Andrew Schiff, CEO of the Rhode Island Community Food Bank is quick to say one box of food a month is not enough to live on. It’s a supplement and that it’s intended purpose, said …
Andrew Schiff, CEO of the Rhode Island Community Food Bank is quick to say one box of food a month is not enough to live on. It’s a supplement and that it’s intended purpose, said Schiff.
But for Linda Walsh it makes life a lot easier and is a big deal. Linda was one of 66 people who picked up boxes last Wednesday at the Pilgrim Senior Center. Depending on what’s available at the time, the boxes contain a variety of dried and canned foods as well as produce on occasion. The Pilgrim Senior Center has served as a distribution location for the monthly food box program known as the USDA’s Community Supplement Food Program for at least eight years and probably longer.
“We’re the only senior center still doing it,” says center director Meg Underwood. Patricia Almonte, who runs the center program, surmises other centers have dropped the program because of the work involved. Almonte keeps a running tab of those eligible for the boxes and checks them off - often helping lift the boxes into cars – during the monthly pickups.
Last Wednesday Almonte had more help than she could use - at least for a brief period - as officials gathered outside the center. The objective was to put the spotlight on Hunger Action Month and National Senior Center Month.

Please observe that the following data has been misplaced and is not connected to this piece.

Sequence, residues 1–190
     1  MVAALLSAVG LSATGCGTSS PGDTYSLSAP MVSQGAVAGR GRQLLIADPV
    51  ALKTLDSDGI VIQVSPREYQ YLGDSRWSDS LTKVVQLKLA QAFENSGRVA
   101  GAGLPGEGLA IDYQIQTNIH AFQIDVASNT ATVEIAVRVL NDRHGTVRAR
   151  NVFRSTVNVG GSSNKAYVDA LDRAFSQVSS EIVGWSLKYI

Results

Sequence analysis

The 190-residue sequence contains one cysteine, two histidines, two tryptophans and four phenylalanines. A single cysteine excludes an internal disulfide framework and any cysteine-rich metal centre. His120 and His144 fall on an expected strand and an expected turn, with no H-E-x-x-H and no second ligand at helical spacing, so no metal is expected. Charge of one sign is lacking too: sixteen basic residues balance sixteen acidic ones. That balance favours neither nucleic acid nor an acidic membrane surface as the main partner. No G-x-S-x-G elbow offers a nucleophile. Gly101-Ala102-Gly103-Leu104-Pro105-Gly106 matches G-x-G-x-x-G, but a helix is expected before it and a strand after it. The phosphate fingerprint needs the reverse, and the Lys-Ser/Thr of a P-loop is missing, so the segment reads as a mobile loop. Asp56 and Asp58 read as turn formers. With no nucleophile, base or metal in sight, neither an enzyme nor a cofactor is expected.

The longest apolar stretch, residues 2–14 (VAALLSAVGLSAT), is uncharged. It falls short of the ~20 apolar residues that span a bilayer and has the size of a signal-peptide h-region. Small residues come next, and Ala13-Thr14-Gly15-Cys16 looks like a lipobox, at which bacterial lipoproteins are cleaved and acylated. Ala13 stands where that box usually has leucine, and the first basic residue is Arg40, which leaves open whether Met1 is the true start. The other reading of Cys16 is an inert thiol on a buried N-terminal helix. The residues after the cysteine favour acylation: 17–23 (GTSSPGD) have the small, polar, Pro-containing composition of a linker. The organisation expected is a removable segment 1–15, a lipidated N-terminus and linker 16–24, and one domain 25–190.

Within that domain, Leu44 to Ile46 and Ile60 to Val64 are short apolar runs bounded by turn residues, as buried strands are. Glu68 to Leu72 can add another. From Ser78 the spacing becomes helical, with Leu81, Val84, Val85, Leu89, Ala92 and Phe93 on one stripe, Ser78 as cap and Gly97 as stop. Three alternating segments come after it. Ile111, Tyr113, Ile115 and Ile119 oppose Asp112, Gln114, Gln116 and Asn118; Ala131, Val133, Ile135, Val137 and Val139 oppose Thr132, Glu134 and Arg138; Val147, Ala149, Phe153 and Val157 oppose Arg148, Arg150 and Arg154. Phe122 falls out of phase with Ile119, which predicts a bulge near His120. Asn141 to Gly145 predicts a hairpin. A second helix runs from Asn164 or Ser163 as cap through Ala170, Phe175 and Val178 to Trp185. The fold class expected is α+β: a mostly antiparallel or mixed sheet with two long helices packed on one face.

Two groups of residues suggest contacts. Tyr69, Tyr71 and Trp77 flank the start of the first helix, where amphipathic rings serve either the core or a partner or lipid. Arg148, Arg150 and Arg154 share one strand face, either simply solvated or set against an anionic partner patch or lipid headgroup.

During Hunger Action Month, food banks across the country raise awareness and inspire action to help people facing the impossible choices of food insecurity. During senior center month the goal is to promote a positive image of aging and how senior centers improve the lives of the elderly.
Schiff said a total of 2,240 boxes are distributed monthly statewide through the program that is administered by the RI Office of Healthy Aging, which contracts with the food bank to manage the program.
Schiff, Maria Cimini, director of the Healthy Aging and Mayor Frank Picozzi were among those to greet a Food Bank truck as it arrived at the center. As pallets of the boxes were rolled off, House Speaker K. Joseph Shekarchi appeared as did those driving in to make pickups. Shekarchi along with Picozzi, Cimini and Schiff rolled up their sleeves and started placing boxes in back seats and car trunks depending on the driver’s request.
“Now be sure to put that in the fridge,” Shekarchi to Thelma Witowski as he held up a rectangular box for her to see. “It’s cheese.”
Schiff was impressed with the Speaker’s attention to details.
“Say cheese again,” coaxed a photographer, but the play on the word escaped Shekarchi who was readying for another pickup.
For the most part, those in the first round of pickups had been part of the program for five or six years. Like Linda Walsh they said the supplemental food was important to them especially at a time of increasing costs.
To be eligible for the program applicants must be able to provide a photo ID and have an income of $1,473 or less per month. Additional information is available by contacting Almonte at 468-4084.
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